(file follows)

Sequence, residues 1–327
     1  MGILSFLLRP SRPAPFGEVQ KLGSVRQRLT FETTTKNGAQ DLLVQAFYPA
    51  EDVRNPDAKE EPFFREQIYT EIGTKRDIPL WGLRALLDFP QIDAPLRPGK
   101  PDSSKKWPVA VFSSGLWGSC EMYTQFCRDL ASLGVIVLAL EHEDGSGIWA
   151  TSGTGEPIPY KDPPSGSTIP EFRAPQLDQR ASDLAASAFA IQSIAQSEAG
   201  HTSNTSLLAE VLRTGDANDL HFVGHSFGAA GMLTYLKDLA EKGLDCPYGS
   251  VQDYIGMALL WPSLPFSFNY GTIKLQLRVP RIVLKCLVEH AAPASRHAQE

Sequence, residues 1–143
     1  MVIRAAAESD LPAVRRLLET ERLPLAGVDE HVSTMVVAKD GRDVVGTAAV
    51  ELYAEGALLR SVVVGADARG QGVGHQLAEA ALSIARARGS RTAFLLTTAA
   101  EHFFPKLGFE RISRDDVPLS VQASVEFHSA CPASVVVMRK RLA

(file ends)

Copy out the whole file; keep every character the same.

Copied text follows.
Sequence, residues 1–327
     1  MGILSFLLRP SRPAPFGEVQ KLGSVRQRLT FETTTKNGAQ DLLVQAFYPA
    51  EDVRNPDAKE EPFFREQIYT EIGTKRDIPL WGLRALLDFP QIDAPLRPGK
   101  PDSSKKWPVA VFSSGLWGSC EMYTQFCRDL ASLGVIVLAL EHEDGSGIWA
   151  TSGTGEPIPY KDPPSGSTIP EFRAPQLDQR ASDLAASAFA IQSIAQSEAG
   201  HTSNTSLLAE VLRTGDANDL HFVGHSFGAA GMLTYLKDLA EKGLDCPYGS
   251  VQDYIGMALL WPSLPFSFNY GTIKLQLRVP RIVLKCLVEH AAPASRHAQE

Sequence, residues 1–143
     1  MVIRAAAESD LPAVRRLLET ERLPLAGVDE HVSTMVVAKD GRDVVGTAAV
    51  ELYAEGALLR SVVVGADARG QGVGHQLAEA ALSIARARGS RTAFLLTTAA
   101  EHFFPKLGFE RISRDDVPLS VQASVEFHSA CPASVVVMRK RLA